In a refreshing moment, a candidate other than Rand Paul gave a great non-interventionist speech during Thursday’s GOP Debate in Las Vegas.
That candidate was Ted Cruz, who criticized the failed strategy of regime change and took a shot at Woodrow Wilson, the foreign policy father of all things high-minded yet impractical.
Wolf Blitzer asked Senator Cruz about US policies of regime change to spread democracy, questioning if he would prefer to preserve dictatorships instead. Recently, Cruz had argued that the world would have been safer with Saddam Hussein still in power.
Cruz drew upon recent history. The Obama administration toppled Gaddafi in Libya, he answered, “because they wanted to promote democracy. A number of Republicans supported them. The result of that — and we were told then that there were these moderate rebels that would take over. Well, the result is, Libya is now a terrorist war zone run by jihadists.”
Read the rest on Rare here.
With the recent news that Turkey had downed a Russian warplane for supposed airspace violations, the international community has been in an uproar.
While the Russian and Turkish accounts of what exactly transpired are at odds, there is no doubt that the Turkish government shot down the Russian plane for what — by their own account — couldn’t have been more than a 17 second airspace violation.
Speculation abounds as to why Turkey did this, especially considering that Turkey has violated Greek airspace over 1,400 times this year alone. One possible idea is that this was in retaliation for Russian bombardment of Turkmen rebels who have ethnic ties to Turkey.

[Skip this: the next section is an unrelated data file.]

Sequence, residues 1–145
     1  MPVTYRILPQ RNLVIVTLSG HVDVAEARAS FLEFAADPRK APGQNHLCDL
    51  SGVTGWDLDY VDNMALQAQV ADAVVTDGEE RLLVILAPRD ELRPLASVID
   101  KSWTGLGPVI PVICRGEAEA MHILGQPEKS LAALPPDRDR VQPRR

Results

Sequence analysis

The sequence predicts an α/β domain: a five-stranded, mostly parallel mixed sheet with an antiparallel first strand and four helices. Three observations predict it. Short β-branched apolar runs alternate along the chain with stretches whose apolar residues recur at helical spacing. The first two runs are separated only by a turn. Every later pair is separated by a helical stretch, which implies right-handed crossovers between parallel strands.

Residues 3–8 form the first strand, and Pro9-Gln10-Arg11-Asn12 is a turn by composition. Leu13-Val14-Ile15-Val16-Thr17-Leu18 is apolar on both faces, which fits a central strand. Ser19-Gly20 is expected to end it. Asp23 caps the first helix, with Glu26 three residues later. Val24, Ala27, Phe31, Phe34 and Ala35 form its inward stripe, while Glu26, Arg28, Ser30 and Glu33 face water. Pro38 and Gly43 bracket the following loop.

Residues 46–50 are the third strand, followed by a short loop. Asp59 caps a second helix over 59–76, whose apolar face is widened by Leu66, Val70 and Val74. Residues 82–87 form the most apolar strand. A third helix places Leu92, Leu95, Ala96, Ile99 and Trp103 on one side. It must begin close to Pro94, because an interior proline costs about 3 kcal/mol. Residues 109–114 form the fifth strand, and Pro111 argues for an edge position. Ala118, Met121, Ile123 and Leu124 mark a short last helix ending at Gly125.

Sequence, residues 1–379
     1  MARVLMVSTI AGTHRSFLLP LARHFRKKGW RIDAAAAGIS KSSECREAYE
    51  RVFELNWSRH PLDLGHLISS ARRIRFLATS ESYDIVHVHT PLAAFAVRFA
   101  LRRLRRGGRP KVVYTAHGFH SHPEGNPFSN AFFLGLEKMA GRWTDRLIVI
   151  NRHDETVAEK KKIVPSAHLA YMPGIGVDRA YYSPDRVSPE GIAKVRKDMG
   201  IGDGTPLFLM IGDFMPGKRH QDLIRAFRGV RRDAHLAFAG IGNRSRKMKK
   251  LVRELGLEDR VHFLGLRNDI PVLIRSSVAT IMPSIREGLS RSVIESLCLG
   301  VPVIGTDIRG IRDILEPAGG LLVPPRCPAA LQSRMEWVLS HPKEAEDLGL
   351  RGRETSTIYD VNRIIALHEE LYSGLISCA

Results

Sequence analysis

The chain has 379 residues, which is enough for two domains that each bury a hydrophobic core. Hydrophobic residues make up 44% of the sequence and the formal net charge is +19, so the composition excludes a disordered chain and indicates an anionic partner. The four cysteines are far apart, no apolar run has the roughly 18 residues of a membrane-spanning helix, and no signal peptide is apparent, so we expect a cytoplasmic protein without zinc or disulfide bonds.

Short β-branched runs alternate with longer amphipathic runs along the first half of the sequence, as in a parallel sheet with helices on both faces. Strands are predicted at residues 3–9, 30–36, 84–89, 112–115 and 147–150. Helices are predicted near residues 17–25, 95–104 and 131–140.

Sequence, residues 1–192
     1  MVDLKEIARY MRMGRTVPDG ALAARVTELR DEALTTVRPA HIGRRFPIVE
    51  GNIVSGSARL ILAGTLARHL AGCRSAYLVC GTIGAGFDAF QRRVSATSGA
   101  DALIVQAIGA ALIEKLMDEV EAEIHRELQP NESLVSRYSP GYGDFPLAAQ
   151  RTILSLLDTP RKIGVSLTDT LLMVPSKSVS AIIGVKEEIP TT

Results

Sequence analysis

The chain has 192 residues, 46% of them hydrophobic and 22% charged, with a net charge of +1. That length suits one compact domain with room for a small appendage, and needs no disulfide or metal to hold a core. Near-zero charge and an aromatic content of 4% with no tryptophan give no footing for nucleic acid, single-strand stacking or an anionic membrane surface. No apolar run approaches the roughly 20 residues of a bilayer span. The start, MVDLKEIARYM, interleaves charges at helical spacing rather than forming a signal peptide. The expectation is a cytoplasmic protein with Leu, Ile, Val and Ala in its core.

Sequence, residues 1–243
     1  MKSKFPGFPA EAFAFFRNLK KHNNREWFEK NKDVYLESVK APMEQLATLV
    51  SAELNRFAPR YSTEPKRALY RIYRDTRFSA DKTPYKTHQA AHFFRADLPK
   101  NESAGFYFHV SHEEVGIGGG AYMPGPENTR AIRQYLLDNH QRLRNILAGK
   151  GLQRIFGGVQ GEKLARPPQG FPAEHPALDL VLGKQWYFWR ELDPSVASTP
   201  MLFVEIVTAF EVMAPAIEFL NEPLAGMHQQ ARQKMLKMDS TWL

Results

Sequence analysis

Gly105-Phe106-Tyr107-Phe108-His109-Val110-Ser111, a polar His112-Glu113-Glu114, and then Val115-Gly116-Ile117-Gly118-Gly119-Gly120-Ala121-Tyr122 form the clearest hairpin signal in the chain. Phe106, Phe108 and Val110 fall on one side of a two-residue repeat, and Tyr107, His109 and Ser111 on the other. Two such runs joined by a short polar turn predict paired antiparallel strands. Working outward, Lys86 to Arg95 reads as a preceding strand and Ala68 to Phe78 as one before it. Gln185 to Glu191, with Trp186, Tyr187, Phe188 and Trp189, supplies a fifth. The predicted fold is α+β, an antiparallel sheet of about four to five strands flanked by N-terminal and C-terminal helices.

Whatever the case, the incident has prompted numerous people, including those who rarely pay attention to international politics, to pause in concern and contemplate the terrible disaster that this could provoke, if tensions spiral out of control. The worse case being a conflict between the United States and fellow nuclear armed state, Russia.
Read the rest on the PanAm Post here.
Today marks the fourteenth anniversary of the terrorist attack on the World Trade Center. 9/11 has joined Pearl Harbor and the assassination of John F. Kennedy in the ranks of defining generational tragedies. It’s the day that changed America forever.
America responded to the attack by throwing itself into the “War on Terror,” a new type of open-ended war of attrition against spectral abstractions. Fourteen years later, no end is in sight. Unfortunately, the war effort has largely failed. It’s time to face up to it, and adjust to the new reality we have created in the post-9/11 world.
Here at home, domestic surveillance continues to grow in scope and invasiveness, despite having done little to root out terrorism. The main casualty on this front has been American civil liberties and constitutional rights. The USA FREEDOM Act, and a few other measures, have reinforced some of the liberties undermined by the War on Terror. Mostly, however, the thriving and largely unchecked surveillance state has managed to fend off or ignore reforms.
Abroad, America has sent its soldiers to battle phantoms in the shadows with no end goal, or clear definition of victory. Innocents routinely perish as collateral damage of America’s Sisyphean quest to kill al Qaeda’s latest “second in command.” Our foreign adventurism has weakened Iraq, decimated al Qaeda, and sent the Taliban fleeing; but in their wake, new terrorist organizations like ISIS have sprung to fill the void. We have traded one enemy for another.
Read the rest on Townhall here.